Decades after his father opened Pizza Barn in Yonkers in 1975, Angelo DeLuca felt it was time to spice up the corner shop. A night of brainstorming led to something huge—literally.
“I researched the Internet for hours and [realized] no one really made [a big slice of pizza],” he said. “I had the idea in my head of how to make it. I’ve been making pizzas my whole life so it’s not something that’s very hard [for me].”
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Shortly after, a two-foot-long slice of pizza came out of his store’s oven. He asked his driver at the time to pose with the pizza slice and shared it on the restaurant’s Facebook page on June 2, 2016. It didn’t take long for the picture to blow up. Social media users and news outlet turned their attention to the small mom and pop shop in Westchester County.
“Within three days it went viral,” the Yonkers native said. “People started calling right away…and the rest is history.”
It took DeLuca several attempts to find the right measurements to perfect the two-foot-long slice. It requires a certain amount of dough (and a few more helping hands!), he said, to ensure the pizza slice doesn’t break. It also took him several months to get custom boxes made to fit the massive slice. “In the meanwhile, I was using two medium boxes and putting them together because people were coming to take them to go and I didn’t have a box yet.”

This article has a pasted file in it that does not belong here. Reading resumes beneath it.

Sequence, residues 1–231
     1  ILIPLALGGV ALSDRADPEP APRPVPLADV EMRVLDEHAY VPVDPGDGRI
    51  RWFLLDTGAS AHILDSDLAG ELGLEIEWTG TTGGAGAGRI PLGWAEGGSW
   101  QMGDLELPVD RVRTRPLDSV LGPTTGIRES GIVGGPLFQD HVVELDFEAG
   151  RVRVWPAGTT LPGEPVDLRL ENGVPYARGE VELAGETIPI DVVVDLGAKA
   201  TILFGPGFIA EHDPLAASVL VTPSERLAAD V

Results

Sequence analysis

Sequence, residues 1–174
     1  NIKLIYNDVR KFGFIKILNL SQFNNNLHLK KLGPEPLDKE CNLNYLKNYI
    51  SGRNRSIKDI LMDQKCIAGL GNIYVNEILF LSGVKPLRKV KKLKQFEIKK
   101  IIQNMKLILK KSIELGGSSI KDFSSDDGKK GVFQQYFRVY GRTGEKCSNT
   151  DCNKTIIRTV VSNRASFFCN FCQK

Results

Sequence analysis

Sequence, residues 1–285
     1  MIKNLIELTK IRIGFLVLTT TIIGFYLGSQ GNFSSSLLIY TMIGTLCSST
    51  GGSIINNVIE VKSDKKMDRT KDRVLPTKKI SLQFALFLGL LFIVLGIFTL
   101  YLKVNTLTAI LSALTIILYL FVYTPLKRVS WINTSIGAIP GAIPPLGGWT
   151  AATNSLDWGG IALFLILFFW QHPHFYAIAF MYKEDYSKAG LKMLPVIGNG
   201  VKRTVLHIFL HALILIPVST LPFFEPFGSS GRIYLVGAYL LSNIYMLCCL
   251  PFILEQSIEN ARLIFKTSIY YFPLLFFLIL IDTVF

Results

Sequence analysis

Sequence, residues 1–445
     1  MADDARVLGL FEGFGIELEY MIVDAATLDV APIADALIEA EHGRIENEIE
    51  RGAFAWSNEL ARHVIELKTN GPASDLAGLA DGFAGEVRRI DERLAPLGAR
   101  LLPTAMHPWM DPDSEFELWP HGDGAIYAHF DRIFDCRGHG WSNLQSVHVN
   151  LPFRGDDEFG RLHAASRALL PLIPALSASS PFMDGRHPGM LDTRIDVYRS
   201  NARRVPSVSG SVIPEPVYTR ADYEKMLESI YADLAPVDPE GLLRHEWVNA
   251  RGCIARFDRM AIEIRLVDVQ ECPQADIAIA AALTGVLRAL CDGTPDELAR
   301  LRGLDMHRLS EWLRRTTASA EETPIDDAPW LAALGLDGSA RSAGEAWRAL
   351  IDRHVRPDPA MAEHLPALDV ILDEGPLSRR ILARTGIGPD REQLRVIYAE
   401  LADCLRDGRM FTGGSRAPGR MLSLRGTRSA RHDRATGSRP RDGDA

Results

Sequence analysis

Now he proudly has it down to a science and has even added special toppings. There’s a mac and cheese slice, a cheeseburger one with eight beef patties, French fries and American cheese, as well as a penne alla vodka. The store just introduced a pig in blanket one made with hot dogs rolled in American cheese, two layers of dough, cheddar and mozzarella cheese. There’s even the new double stuffed one with two super slices on top of each other. (Prices range $11-$29.50.)
Some customers have managed the feat of finishing the giant slice. Others have a bit more trouble, but still make sure to take a photo for social media. “People are now coming from all parts of the country, all parts of the world…because they see it [online].”
DeLuca never could’ve imagined that his family pizza shop would gain so much attention. Since his father’s death 20 years ago, DeLuca said the business had its fair of though times, especially in the last eight years. The hard times encouraged him to think outside the foodie box and find a way to reinvent his family pizza shop.
“You have to do something that’s trending. You have to do something that people want,” he said. “I was always thinking of doing something else. I did this and it worked.”